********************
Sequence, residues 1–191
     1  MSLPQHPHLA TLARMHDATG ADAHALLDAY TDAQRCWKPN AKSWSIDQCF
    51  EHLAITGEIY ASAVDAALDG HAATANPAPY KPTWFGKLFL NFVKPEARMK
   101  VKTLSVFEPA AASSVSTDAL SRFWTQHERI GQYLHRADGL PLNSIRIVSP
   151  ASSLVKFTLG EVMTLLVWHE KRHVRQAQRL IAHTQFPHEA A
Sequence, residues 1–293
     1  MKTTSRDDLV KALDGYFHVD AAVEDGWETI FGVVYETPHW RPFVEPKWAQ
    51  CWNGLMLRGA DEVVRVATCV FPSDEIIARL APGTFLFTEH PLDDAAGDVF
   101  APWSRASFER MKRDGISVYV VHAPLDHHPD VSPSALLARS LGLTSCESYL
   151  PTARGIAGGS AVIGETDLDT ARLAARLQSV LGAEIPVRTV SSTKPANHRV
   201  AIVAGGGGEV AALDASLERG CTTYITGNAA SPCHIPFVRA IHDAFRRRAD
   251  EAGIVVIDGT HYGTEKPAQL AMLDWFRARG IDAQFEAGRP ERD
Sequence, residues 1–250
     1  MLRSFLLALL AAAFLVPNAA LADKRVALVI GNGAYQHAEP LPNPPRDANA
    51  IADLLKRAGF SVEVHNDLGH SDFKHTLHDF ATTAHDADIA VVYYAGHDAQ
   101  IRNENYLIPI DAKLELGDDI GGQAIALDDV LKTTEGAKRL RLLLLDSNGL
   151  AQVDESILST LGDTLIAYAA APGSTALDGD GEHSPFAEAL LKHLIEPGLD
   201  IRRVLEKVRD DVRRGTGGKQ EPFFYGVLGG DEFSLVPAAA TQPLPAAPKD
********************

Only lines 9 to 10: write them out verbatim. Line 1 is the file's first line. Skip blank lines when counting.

   101  APWSRASFER MKRDGISVYV VHAPLDHHPD VSPSALLARS LGLTSCESYL
   151  PTARGIAGGS AVIGETDLDT ARLAARLQSV LGAEIPVRTV SSTKPANHRV